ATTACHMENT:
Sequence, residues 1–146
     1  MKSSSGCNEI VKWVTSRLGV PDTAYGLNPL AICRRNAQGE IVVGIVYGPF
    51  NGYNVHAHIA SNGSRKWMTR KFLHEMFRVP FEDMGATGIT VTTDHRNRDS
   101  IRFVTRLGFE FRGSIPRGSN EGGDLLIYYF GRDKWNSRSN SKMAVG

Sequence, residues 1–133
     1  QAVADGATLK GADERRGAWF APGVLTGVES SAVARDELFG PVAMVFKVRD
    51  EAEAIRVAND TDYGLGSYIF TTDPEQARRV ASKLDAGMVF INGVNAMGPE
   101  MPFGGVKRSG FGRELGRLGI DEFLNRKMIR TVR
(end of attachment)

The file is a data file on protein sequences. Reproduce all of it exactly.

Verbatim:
Sequence, residues 1–146
     1  MKSSSGCNEI VKWVTSRLGV PDTAYGLNPL AICRRNAQGE IVVGIVYGPF
    51  NGYNVHAHIA SNGSRKWMTR KFLHEMFRVP FEDMGATGIT VTTDHRNRDS
   101  IRFVTRLGFE FRGSIPRGSN EGGDLLIYYF GRDKWNSRSN SKMAVG

Sequence, residues 1–133
     1  QAVADGATLK GADERRGAWF APGVLTGVES SAVARDELFG PVAMVFKVRD
    51  EAEAIRVAND TDYGLGSYIF TTDPEQARRV ASKLDAGMVF INGVNAMGPE
   101  MPFGGVKRSG FGRELGRLGI DEFLNRKMIR TVR